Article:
Etymology 1 
From Middle English tide, from Old English tīd (“time, period, season, while; hour; feast-day, festal-tide; canonical hour or service”), from Proto-Germanic *tīdiz (“time, period”), from Proto-Indo-European *dīti- (“time, period”), from Proto-Indo-European *dī- (“time”). Cognate with Scots tide, tyde (“moment, time, occasion, period, tide”), North Frisian tid (“time”), West Frisian tiid (“time, while”), Dutch tijd (“time”), Low German Tied (“time”), Low German Tide (“tide of the sea”), German Zeit (“time”), Swedish tid (“time”), Icelandic tíð (“time”), Albanian ditë (“day”), Old Armenian տի (ti, “age”), Kurdish dem (“time”). Related to time.
tide (plural tides)
- The periodic change of the sea level, particularly when caused by the gravitational influence of the sun and the moon.
- A stream, current or flood.
- (Can we date this quote?) Let in the tide of knaves once more; my cook and I'll provide. — Shakespeare, Timon of Athens, III-iv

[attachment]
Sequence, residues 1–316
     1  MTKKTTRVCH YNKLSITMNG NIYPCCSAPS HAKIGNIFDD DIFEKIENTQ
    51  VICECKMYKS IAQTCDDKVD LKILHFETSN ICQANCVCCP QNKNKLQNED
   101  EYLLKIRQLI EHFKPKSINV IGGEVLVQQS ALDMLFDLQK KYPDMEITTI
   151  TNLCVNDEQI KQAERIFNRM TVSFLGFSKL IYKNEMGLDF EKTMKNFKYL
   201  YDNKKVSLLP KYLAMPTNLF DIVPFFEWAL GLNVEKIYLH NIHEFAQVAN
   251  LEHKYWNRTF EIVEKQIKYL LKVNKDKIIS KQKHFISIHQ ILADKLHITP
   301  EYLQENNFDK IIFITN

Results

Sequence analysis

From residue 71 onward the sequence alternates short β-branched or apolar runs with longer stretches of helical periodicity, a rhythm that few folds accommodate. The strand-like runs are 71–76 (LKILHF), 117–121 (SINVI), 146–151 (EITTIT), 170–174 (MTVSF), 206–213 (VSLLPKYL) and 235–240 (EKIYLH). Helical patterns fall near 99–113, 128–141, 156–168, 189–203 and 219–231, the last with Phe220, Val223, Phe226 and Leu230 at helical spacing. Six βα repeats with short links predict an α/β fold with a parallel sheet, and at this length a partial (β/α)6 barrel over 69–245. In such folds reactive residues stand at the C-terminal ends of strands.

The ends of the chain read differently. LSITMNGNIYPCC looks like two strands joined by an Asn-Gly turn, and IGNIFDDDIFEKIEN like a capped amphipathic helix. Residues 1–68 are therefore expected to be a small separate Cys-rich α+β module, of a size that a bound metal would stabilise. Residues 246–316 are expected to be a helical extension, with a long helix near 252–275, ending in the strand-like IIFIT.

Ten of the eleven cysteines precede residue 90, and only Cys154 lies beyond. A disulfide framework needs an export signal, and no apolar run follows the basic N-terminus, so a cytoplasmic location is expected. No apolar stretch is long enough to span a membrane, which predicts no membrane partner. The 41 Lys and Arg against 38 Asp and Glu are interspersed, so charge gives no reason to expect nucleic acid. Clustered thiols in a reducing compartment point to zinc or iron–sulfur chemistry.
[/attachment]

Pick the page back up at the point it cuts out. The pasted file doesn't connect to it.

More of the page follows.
- (chronology, obsolete, except in liturgy) Time, notably anniversary, period or season linked to an ecclesiastical feast.
- (mining) The period of twelve hours.
- Something which changes like the tides of the sea.
- Tendency or direction of causes, influences, or events; course; current.
- (Can we date this quote?) There is a tide in the affairs of men, Which, taken at the flood, leads on to fortune. — Shakespeare. Julius Caesar, IV-iii
- (obsolete) Violent confluence — Francis Bacon
Derived terms 
- The translations below need to be checked and inserted above into the appropriate translation tables, removing any numbers. Numbers do not necessarily match those in definitions. See instructions at Help:How to check translations.
- (transitive) To cause to float with the tide; to drive or carry with the tide or stream.
- They are tided down the stream.
- (intransitive) To pour a tide or flood.
- The ocean tided most impressively, even frightening
- (intransitive, nautical) To work into or out of a river or harbor by drifting with the tide and anchoring when it becomes adverse.
Derived terms 
See also 
Etymology 2 
Middle English 
Alternative forms 
Related terms 
Old English